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A compression is the repeated application of a right rotation, called in this context a “compression transformation”, once for each black node, like so:

[Click here for plain-text rendering]

So far, all of the compressions we've performed have involved all 2**k - 1 nodes composing the “main vine.” This works out well for an initial vine of exactly 2**n - 1 nodes. In this case, a total of n - 1 compressions are required, where for successive compressions k = n, n - 1, ..., 2.

For trees that do not have exactly one fewer than a power of two nodes, we need to begin with a compression that does not involve all of the nodes in the vine. Suppose that our vine has m nodes, where 2**n - 1 < m < 2**(n+1) - 1 for some value of n. Then, by applying the compression transformation shown above m - (2**n - 1) times, we reduce the length of the main vine to exactly 2**n - 1 nodes. After that, we can treat the problem in the same way as the former case. The result is a balanced tree with n full levels of nodes, and a bottom level containing m - (2**n - 1) nodes and (2**(n + 1) - 1) - m vacancies.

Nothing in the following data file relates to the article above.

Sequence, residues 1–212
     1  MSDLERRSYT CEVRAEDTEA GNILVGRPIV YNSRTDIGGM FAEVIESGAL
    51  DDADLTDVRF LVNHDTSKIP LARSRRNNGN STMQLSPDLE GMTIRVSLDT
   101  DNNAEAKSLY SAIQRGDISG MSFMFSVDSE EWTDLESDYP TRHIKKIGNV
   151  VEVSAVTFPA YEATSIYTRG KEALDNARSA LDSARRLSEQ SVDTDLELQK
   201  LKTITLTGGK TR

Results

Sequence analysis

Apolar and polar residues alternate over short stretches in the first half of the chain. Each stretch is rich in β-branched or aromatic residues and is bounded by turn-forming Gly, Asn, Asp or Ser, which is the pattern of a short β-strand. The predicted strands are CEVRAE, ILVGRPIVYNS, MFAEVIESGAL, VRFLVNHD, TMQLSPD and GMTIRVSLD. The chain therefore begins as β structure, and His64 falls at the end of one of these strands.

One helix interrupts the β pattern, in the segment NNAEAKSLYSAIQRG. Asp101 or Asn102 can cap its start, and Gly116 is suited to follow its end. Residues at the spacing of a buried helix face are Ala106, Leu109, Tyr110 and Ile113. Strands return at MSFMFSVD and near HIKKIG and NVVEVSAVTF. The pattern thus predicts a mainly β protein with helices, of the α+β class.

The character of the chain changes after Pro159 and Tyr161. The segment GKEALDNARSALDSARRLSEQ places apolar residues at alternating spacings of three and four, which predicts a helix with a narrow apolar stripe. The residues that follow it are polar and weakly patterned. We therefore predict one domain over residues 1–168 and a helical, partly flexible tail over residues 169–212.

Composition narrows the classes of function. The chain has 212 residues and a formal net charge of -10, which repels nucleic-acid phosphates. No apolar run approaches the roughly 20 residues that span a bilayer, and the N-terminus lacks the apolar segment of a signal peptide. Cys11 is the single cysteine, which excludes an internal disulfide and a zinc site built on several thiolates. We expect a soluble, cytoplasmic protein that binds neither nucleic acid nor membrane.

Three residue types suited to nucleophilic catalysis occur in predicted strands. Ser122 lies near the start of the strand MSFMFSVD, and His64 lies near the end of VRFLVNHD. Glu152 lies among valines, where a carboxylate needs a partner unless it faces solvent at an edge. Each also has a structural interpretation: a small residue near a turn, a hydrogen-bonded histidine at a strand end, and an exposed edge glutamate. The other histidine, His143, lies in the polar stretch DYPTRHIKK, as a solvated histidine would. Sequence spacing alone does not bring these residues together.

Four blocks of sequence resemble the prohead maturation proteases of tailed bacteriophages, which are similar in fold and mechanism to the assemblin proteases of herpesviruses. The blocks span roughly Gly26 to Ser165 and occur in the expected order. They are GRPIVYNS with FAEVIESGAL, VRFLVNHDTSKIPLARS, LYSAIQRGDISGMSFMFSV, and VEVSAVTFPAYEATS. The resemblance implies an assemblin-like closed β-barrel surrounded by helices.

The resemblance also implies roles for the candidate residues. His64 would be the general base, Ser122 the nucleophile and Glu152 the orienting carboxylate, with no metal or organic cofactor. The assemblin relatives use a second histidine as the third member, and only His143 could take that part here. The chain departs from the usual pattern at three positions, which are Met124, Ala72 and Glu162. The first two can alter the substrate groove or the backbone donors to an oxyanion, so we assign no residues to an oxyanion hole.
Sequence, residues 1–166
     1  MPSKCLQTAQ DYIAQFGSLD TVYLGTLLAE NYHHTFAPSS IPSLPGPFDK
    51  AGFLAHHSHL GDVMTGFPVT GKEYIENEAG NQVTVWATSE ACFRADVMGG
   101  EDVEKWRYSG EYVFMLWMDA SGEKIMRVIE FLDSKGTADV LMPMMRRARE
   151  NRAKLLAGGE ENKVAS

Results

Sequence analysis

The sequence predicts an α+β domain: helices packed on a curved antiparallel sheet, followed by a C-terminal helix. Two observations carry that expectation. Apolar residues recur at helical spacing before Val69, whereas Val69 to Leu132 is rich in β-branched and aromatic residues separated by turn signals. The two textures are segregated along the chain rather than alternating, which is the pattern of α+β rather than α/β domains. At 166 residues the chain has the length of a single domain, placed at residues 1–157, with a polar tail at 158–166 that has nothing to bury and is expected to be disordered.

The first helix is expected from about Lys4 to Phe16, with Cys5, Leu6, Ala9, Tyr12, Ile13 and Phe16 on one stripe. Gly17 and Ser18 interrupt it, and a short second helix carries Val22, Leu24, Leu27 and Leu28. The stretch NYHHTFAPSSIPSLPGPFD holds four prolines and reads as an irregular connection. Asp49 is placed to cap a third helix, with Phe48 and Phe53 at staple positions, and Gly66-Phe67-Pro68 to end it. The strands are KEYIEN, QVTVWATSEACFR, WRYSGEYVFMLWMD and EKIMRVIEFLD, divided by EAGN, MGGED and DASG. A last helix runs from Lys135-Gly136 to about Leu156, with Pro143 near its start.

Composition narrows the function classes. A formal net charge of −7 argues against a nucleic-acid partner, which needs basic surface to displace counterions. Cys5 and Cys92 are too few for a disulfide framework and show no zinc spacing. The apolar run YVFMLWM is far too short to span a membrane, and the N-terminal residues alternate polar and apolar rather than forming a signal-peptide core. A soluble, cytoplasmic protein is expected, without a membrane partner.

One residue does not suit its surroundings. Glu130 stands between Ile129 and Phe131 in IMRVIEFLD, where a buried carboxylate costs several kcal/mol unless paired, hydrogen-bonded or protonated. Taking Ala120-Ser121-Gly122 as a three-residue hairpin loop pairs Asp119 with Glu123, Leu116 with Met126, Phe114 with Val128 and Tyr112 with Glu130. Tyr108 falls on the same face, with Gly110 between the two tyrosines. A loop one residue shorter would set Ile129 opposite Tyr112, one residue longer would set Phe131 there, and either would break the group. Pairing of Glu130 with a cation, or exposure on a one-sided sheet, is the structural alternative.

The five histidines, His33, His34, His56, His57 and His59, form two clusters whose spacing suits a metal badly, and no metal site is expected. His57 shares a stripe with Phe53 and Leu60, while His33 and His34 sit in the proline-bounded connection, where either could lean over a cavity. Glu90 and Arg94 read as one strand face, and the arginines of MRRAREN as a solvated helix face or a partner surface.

An example is indicated. Suppose that the vine contains m == 9 nodes numbered from 1 to 9. Then n == 3 since we have 2**3 - 1 = 7 < 9 < 15 = 2**4 - 1, and we must perform the compression transformation shown above 9 - (2**3 - 1) = 2 times initially, reducing the main vine's length to 7 nodes. Afterward, we treat the problem the same way as for a tree that started off with only 7 nodes, performing one compression with k == 3 and one with k == 2. The entire sequence, omitting the initial vine, looks like this:

[Click here for plain-text rendering]

Now we have a general technique that can be applied to a vine of any size.